Another of the axioms I try to validate in my online conflagrations is that people in possession of the same facts do not often reach the same conclusion. An interesting occasion where this happened to me recently was a discussion about Shakespeare. The general flow of the discussion had been about the emergence of general story archetypes over a wide variety of sources, and been diverted into the theatre generally (long time readers will remember my discussion of The Iliad as the first Western). Mark began to wax lyrical about the effervescence of Shakespeare’s dialogues, arguing that the characters’ speeches were well wrought and elegant. They were, in his view, several levels above the state of ordinary diction that we were using to discuss them.
This interested me greatly. Shakespeare is renowned as a fine poet, but I am not sure that his characters are so universally well spoken as to exclude the possibility of being matched by real people. I think Samuel Johnson articulated this view best:
But the dialogue of this author is so often evidently determined by the incident which produces it, and is pursued with so much ease and simplicity, that it seems scarcely to claim the merit of fiction, but to have been gleaned by diligent selection out of common conversation, and common occurrences.
– Preface to Shakespeare
Of course, neither of us are experts on Shakespeare; Mark’s studies focusing more on the Roman theatre, and in terms of English drama, on the Jacobean period. Mine own studies have cut a broad but shallow swathe through most periods, but with only a slightly longer-than-average pause on Shakespeare. Therefore, a specific discussion on the language in various Shakespearean plays might be too ambitious an undertaking at this stage. Instead, let’s talk about all dialogue in and out of the theatre generally; much simpler.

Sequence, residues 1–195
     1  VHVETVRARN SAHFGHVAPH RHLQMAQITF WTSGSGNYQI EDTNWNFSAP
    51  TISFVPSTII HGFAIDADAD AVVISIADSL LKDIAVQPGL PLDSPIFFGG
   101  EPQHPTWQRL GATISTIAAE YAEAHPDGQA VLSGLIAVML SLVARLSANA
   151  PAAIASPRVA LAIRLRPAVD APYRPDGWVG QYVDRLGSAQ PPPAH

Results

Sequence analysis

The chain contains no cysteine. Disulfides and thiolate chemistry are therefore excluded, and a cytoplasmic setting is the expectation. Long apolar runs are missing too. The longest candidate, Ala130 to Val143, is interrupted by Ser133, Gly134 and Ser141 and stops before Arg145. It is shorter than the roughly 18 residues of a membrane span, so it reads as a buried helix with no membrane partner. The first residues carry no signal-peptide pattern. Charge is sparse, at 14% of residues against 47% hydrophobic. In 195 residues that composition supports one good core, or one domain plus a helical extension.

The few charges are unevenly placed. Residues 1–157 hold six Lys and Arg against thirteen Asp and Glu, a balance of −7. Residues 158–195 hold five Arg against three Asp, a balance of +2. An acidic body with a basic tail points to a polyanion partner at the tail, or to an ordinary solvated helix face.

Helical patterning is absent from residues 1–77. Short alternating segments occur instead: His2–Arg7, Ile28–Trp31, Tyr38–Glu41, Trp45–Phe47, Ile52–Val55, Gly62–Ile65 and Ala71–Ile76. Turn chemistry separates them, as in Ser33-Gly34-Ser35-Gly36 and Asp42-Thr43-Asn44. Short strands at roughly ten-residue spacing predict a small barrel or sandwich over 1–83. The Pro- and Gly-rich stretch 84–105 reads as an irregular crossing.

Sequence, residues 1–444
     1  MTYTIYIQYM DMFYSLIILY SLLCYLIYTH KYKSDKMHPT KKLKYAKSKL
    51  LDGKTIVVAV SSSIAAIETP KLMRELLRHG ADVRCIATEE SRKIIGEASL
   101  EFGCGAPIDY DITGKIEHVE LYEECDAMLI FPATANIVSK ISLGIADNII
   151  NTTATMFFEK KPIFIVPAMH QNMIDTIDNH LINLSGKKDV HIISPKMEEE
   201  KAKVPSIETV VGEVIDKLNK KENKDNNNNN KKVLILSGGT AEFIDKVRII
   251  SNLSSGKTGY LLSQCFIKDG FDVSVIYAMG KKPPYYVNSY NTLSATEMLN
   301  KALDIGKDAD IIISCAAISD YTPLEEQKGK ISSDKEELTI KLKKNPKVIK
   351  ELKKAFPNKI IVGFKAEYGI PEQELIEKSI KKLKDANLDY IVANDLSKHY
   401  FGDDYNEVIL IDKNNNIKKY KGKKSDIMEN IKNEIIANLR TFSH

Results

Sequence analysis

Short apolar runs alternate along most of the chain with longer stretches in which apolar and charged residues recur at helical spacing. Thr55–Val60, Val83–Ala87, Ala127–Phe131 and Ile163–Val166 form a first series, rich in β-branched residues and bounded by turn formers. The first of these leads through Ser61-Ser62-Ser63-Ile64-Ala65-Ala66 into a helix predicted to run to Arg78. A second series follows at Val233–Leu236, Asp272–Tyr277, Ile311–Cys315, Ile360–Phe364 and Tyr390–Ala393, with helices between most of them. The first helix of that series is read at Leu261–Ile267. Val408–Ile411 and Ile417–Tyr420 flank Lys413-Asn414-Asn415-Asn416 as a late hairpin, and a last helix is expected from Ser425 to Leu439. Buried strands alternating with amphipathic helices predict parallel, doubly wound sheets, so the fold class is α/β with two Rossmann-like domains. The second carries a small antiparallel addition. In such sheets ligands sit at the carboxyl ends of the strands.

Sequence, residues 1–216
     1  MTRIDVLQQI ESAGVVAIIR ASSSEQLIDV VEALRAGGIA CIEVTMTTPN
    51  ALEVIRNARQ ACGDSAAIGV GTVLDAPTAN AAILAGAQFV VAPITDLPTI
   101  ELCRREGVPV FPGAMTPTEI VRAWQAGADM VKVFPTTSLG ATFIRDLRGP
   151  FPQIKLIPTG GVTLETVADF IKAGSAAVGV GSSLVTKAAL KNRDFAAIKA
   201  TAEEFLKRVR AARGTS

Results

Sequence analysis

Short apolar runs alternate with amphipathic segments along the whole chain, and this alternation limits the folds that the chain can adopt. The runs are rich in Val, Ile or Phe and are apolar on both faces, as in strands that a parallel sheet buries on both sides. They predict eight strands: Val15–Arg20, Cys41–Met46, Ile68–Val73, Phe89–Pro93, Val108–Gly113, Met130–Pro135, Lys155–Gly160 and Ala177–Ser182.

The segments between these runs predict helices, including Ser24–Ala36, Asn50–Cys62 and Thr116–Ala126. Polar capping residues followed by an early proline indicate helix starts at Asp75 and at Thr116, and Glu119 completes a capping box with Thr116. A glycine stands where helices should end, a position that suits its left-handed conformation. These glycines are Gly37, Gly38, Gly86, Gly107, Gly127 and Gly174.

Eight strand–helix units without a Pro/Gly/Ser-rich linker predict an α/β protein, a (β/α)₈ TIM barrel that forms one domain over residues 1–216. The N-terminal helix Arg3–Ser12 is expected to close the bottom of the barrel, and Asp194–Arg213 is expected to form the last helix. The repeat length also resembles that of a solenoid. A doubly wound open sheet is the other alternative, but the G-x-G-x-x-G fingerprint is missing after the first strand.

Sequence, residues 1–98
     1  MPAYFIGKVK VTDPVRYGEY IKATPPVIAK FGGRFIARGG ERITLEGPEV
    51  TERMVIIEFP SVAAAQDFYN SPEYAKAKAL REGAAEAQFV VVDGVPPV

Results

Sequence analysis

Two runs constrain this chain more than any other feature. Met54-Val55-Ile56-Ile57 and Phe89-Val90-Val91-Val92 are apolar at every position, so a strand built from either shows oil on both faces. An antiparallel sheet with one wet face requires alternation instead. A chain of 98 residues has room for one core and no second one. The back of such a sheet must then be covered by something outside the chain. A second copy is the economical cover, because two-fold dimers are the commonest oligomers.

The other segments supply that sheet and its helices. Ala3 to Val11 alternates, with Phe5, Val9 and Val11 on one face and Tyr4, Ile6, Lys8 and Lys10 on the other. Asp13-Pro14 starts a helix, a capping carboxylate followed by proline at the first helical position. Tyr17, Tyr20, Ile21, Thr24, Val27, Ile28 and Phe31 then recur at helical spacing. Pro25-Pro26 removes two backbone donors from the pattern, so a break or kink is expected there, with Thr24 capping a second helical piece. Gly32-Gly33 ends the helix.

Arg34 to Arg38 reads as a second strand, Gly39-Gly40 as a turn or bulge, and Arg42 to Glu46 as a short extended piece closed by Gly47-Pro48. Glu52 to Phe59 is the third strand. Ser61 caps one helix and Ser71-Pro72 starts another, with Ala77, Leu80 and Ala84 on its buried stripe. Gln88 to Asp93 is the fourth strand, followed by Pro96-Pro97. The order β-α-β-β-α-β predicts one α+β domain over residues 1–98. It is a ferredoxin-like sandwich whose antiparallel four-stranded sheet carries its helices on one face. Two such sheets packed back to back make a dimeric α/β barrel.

Well, as mentioned, I’ve got a lot more experience with real life than any kind of theatre, so let me make a few observations about ordinary speech. The thing I have begun to notice in those casual conversations in the halls of learning as one scurries between appointments, or the banter around the design office, or the preliminary pleasantries with the apes on the construction site… is that there is not any attempt to elevate the diction beyond a very basic level. People simply do not aim to speak well, instead aiming to engage at the most surficial level that will get them through the conversation and on to whatever really interests them. When I consider that this is the bulk of my communication with my fellow man, it is hardly surprising that at even at my utmost I might not match that of a great poet – I simply haven’t had the necessary practice at speaking well. In fact, some authors have specialized in bringing this banality into the heart of their work; most notable in my recent experience are Hemingway and Carver.